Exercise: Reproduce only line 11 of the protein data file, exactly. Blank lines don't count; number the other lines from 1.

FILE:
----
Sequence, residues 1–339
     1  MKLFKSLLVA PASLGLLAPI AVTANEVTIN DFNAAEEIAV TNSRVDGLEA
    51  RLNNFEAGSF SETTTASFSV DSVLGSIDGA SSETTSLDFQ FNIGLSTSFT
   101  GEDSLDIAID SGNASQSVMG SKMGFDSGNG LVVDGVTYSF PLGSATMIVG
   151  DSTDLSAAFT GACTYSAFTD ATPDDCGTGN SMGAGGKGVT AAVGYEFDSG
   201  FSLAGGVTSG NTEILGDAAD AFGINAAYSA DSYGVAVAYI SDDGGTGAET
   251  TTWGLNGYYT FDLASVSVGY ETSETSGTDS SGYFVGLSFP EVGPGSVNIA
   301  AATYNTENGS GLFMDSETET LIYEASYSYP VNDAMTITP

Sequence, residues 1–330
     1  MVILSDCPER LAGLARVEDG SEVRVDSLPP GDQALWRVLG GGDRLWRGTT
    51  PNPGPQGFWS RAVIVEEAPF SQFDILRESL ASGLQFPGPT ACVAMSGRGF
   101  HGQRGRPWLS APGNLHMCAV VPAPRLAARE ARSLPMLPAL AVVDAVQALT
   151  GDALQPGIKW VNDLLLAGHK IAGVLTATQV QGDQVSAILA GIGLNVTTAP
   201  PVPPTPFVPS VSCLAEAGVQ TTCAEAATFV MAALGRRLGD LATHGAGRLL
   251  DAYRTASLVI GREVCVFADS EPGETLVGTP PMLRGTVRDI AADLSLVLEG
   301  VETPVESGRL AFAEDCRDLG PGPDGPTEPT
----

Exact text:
    51  PNPGPQGFWS RAVIVEEAPF SQFDILRESL ASGLQFPGPT ACVAMSGRGF